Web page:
This novel is primarily about human drama; budding relationships between new neighbors and the beautiful nature that surrounds them.  With the ending of wars, each of the characters arriving on this picturesque island has a tragic story to tell.  Flashbacks are abundantly used to take the reader back in time and to offer the reader sufficient background and diligence about those unfortunate times.  This technique provides a realistic perspective about the tragedies and atrocities of the wars: The psychology of the fighting warriors, the poverty of the displaced civilians, the heartache of mothers and wifes, the helplessness of orphaned children, the fright of AWOL soldiers, and the lost and new hopes of once wealthy but now destitute land owners.  Many of them innocent (and some not) but each has a story to tell, and each has to piece together a brand new life in a new environment in pursuit of their own happiness.  No matter the hardships they may have suffered, each still has unfulfilled dreams and unfinished plans for the future... 

Discussion comments by the North Carolina Turkish Book Club:

Kemal has created a small replica of the "Anatolian Mosaic" on this remote island.
Through flashbacks, the reader is taken on an "exhausting journey" all around Anatolia and the tragedies that it suffered through.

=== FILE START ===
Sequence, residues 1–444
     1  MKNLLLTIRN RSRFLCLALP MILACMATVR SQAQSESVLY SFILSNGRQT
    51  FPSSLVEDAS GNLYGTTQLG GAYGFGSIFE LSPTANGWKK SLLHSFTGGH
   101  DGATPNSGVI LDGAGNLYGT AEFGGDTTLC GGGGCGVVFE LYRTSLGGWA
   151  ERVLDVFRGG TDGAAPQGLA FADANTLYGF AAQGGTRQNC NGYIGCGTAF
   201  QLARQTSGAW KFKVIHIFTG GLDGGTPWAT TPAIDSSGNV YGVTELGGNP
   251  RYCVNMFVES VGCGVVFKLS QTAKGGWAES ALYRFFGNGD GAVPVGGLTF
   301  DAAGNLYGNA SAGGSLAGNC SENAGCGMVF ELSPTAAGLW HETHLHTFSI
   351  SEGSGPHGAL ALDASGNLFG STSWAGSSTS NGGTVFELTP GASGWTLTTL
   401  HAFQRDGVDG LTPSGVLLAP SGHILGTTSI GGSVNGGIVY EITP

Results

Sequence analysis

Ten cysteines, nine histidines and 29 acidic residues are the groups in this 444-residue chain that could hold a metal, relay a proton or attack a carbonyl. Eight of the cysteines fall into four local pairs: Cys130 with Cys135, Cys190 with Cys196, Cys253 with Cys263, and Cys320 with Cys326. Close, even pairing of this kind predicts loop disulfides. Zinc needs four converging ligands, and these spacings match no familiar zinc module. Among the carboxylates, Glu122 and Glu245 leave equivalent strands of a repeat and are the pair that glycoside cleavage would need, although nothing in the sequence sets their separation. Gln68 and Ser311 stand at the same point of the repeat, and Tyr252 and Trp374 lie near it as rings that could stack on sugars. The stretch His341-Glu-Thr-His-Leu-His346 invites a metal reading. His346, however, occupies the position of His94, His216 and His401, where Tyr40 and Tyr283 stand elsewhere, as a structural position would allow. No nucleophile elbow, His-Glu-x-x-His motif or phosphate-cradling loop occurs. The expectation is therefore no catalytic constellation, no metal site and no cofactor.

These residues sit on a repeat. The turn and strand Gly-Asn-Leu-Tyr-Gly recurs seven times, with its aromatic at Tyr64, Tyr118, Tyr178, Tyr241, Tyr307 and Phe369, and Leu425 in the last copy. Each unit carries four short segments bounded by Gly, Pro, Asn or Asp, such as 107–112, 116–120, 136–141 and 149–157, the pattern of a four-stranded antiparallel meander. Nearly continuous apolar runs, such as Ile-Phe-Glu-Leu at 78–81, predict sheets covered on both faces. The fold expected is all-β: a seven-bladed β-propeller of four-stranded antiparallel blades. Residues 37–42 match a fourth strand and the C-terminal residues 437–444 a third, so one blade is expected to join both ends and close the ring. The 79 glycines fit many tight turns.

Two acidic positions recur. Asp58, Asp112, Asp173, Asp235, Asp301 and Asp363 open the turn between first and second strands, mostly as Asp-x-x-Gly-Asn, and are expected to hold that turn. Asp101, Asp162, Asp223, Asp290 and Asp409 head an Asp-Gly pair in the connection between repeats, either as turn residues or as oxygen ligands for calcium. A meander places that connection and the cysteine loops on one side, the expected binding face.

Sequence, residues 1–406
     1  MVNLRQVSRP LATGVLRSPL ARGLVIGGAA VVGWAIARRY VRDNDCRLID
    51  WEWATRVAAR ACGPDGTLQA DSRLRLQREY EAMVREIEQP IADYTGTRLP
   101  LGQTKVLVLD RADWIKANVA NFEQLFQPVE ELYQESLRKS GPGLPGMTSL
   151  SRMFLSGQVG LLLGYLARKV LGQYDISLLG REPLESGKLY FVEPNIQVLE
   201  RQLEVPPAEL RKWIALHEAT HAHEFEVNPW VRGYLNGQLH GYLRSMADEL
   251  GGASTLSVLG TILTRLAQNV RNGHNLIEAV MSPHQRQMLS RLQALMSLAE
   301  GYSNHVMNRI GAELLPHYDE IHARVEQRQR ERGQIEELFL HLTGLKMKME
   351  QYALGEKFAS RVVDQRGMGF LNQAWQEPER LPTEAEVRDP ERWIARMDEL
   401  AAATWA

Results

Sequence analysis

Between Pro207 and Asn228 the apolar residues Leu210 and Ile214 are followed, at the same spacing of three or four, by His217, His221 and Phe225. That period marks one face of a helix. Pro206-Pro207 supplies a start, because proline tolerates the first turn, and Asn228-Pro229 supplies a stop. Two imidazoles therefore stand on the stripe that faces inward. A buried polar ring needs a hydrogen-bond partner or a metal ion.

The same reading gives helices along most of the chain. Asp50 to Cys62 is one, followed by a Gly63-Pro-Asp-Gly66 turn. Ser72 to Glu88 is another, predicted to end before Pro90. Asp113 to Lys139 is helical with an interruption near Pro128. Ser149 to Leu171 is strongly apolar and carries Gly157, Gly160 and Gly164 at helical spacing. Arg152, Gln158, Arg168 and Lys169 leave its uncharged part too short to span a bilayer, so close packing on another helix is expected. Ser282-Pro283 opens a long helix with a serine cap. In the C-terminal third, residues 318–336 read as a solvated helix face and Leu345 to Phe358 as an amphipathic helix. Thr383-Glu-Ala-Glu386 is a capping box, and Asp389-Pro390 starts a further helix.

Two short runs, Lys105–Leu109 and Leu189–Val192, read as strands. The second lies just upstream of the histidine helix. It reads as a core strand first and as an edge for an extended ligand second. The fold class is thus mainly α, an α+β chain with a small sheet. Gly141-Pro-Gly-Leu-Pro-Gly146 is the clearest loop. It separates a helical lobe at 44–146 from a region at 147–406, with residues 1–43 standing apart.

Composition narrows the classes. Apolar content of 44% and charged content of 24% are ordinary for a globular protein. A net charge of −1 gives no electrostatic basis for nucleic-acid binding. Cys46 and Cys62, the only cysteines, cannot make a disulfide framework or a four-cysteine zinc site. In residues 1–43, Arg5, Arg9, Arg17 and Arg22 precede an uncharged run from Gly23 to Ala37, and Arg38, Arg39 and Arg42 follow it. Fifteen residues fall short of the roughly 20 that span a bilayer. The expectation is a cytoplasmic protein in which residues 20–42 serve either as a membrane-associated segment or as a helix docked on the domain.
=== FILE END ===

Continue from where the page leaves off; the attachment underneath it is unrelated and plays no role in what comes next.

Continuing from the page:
Kemal has a very strong story telling technique and a very rich vocabulary decorating his literary descriptions; almost like "weaving a fine Anatolian carpet."
It appears that Yasar Kemal extensively researched the subject matter and the events that took place in that time frame.  He most likely interviewed actual people that lived through similar situations.
In the book one can feel Kemal's opposition to war, disapproval of Enver Pasa.      
Characters are very proud of their heritage and lands left behind.  Although they are in this new environment, they are not ready to "let go of the past."  They continue to look for that perfect property of land, house, boat, farm, food or scenery. Just like the ones they left behind.
Some of the characters such as "Nisanci" and "Dengbej" are very spiritually connected.  Both have a mysterious quality and a certain magical charm or spell that transcends to other characters in the plot, as well as the readers.
Much repetition (perhaps too much) is used in the book.  It is known that Kemal wrote poetry before becoming a novelist and his repetitious and colorful descriptions and illustrations of the scenes can be connected back to his love of poetry.  The poetry of life, of people, of nature; repeating through out the book. 

About the Author: